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The Specter of Russian-Made Fighter Jets in Venezuela

By Stratfor

May 05, 2005 1509 GMT | Summary Venezuela reportedly is looking to purchase Su-27 Flanker fighters from Russia instead of the less-capable Mig-29SMT Fulcrums it previously considered. This development would constitute a provocative move by Venezuelan President Hugo Chavez -- one that would have serious implications in Latin America and beyond.

Analysis

Venezuela has expressed interest in acquiring two squadrons of Su-27 Flanker air-superiority fighters from Russia, Russian news agency RIA Novosti reported May 4. The Venezuelans apparently are interested in the base model Su-27, which has been out of production in Russia since Sukhoi Corp. began producing the Su-30 variants for the export market. If a contract for the reported $250 million deal is signed, the aircraft -- 20 to 24 fighters -- would be transferred to the Venezuelan air force (FAV) from the Russian air force inventory.

Venezuela's interest in the Su-27 is significant in that acquiring the aircraft would make the FAV the most potent air force in South America and the Caribbean. The Flanker has a much longer range than the Mig-29SMT Fulcrum -- which Caracas also is considering purchasing from Russia -- meaning it can operate much further from Venezuelan air space. With a combat radius of nearly 1,000 miles, a Caracas-based Su-27 could participate in dogfights over Colombia, Cuba, most of Central America and the entire Caribbean Sea. Caracas' efforts to acquire advanced weaponry will alter the security environment in Latin America -- and give the United States more to ponder as it figures out how to deal with Venezuela.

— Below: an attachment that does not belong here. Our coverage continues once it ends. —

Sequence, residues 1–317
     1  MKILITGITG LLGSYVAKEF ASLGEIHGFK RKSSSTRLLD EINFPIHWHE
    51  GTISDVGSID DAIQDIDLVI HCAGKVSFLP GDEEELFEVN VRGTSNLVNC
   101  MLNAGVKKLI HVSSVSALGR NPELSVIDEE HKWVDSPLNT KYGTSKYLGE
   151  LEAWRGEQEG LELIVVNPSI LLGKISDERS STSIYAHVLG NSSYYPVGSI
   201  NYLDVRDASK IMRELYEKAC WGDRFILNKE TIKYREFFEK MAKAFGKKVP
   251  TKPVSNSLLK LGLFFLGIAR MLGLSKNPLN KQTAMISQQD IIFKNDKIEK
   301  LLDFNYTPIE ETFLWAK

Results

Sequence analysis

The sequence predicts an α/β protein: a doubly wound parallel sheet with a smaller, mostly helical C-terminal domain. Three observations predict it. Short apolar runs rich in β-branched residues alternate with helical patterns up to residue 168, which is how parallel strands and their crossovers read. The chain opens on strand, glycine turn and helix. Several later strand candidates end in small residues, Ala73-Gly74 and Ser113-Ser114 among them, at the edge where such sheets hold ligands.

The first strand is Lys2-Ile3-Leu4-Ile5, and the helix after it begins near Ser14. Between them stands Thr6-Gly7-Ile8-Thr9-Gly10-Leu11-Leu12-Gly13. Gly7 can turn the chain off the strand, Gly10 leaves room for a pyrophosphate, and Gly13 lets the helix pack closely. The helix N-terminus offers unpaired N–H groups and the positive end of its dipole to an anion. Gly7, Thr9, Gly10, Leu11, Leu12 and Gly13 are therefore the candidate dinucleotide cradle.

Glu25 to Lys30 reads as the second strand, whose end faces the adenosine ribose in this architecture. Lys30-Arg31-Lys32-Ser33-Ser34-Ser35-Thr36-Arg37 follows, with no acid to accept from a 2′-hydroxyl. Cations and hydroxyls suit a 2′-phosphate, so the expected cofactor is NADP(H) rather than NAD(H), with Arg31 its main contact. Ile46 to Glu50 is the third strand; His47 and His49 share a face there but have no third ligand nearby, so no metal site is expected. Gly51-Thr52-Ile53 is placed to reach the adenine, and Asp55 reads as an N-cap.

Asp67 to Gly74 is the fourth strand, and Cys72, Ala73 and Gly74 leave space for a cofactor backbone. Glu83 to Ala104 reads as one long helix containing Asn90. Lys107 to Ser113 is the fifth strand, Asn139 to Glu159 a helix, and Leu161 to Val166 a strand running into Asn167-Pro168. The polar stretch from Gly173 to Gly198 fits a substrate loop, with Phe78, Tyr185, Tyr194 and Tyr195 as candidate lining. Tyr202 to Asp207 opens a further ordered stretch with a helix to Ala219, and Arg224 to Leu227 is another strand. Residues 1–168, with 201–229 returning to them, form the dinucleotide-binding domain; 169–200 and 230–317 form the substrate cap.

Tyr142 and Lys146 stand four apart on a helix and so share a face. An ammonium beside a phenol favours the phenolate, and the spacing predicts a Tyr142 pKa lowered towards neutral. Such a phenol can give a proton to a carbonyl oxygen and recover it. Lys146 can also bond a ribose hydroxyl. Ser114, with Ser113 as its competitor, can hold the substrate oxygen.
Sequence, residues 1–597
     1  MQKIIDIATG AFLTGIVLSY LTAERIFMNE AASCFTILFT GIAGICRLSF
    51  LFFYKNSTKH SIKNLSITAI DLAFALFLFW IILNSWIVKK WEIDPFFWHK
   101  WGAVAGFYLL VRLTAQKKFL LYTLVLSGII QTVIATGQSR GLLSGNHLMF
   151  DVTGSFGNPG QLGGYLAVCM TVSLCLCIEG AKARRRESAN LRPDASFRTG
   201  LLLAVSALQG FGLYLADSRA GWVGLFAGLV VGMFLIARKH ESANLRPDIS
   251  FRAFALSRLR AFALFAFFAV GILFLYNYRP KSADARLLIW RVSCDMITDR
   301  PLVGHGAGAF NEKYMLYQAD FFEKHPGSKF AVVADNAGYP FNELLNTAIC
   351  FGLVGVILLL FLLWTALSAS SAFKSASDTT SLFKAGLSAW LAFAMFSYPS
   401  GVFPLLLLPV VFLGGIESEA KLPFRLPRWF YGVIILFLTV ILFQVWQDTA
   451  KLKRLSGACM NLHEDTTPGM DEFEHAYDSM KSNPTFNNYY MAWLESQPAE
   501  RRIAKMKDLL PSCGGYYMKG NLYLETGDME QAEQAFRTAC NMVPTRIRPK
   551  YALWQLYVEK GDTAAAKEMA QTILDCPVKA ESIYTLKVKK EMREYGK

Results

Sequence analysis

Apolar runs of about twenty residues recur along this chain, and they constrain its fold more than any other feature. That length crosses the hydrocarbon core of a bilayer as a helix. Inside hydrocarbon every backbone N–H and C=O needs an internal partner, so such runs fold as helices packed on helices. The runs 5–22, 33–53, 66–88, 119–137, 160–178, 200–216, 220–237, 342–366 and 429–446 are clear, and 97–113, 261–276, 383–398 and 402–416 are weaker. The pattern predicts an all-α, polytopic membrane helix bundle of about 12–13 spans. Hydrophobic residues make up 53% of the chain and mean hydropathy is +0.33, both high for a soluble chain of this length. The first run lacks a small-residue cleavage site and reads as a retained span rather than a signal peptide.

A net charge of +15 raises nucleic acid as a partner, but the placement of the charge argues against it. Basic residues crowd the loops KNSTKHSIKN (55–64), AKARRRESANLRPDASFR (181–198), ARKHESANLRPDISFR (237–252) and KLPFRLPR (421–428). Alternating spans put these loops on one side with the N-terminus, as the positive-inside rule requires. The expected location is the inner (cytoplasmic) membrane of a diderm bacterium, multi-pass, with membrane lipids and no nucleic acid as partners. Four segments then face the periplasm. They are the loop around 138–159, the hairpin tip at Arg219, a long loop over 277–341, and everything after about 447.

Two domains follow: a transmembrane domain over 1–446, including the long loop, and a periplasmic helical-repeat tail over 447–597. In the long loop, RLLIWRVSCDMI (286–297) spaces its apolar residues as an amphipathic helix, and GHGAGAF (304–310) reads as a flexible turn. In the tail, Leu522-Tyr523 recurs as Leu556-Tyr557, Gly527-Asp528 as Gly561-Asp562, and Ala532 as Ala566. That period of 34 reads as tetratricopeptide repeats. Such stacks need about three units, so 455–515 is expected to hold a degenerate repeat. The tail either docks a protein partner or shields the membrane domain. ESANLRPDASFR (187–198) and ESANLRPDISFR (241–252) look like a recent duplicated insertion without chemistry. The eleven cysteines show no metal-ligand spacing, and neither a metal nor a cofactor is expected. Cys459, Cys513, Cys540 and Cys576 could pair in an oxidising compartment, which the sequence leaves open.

Whether the FAV chooses the MiG-29s, the Su-27s or both, the new fighters will replace its aging F-16s, which the United States provided in the early 1980s. The F-16s, which the FAV deploys in two squadrons based at El Libertador air base in Maracay, spend most of their time on the ground because of low serviceability. The U.S. government stopped supplying the FAV with spare parts for its F-16s in 2001 after the Chavez government suspended military relations with Washington. Although the FAV has managed to keep some F-16s in the air despite maintenance difficulties resulting from the embargo -- a point of pride for the FAV -- the jets' long-term serviceability is in doubt.

In February, Caracas purchased 10 Mi-17 and Mi-26 helicopters and 100,000 Kalashnikov assault rifles in a deal worth $120 million. Unlike these purchases, primarily intended to support border and internal security requirements, Su-27s would have implications far beyond Venezuela's borders.

The Su-27 is a long-range, advanced fighter capable of deploying powerful weapons. With even two squadrons of such jets, the FAV could dominate the air forces of neighboring countries. In other words, it would become the most powerful air force in Latin America, far surpassing the capabilities of Colombia, Ecuador, Peru and Brazil.

Colombia always has eyed Venezuela with suspicion, but bilateral relations have deteriorated since Chavez came to power. Colombian President Alvaro Uribe Velez has struck a nonchalant pose publicly, claiming he is not worried about the regional security implications of Chavez's arms-buying spree. Colombian media, however, recently disclosed an internal Defense Ministry memorandum that confirms Uribe is quite concerned about the Venezuelan arms build up. The administration of U.S. President George W. Bush also has voiced its concerns repeatedly in Latin America, Madrid and Moscow.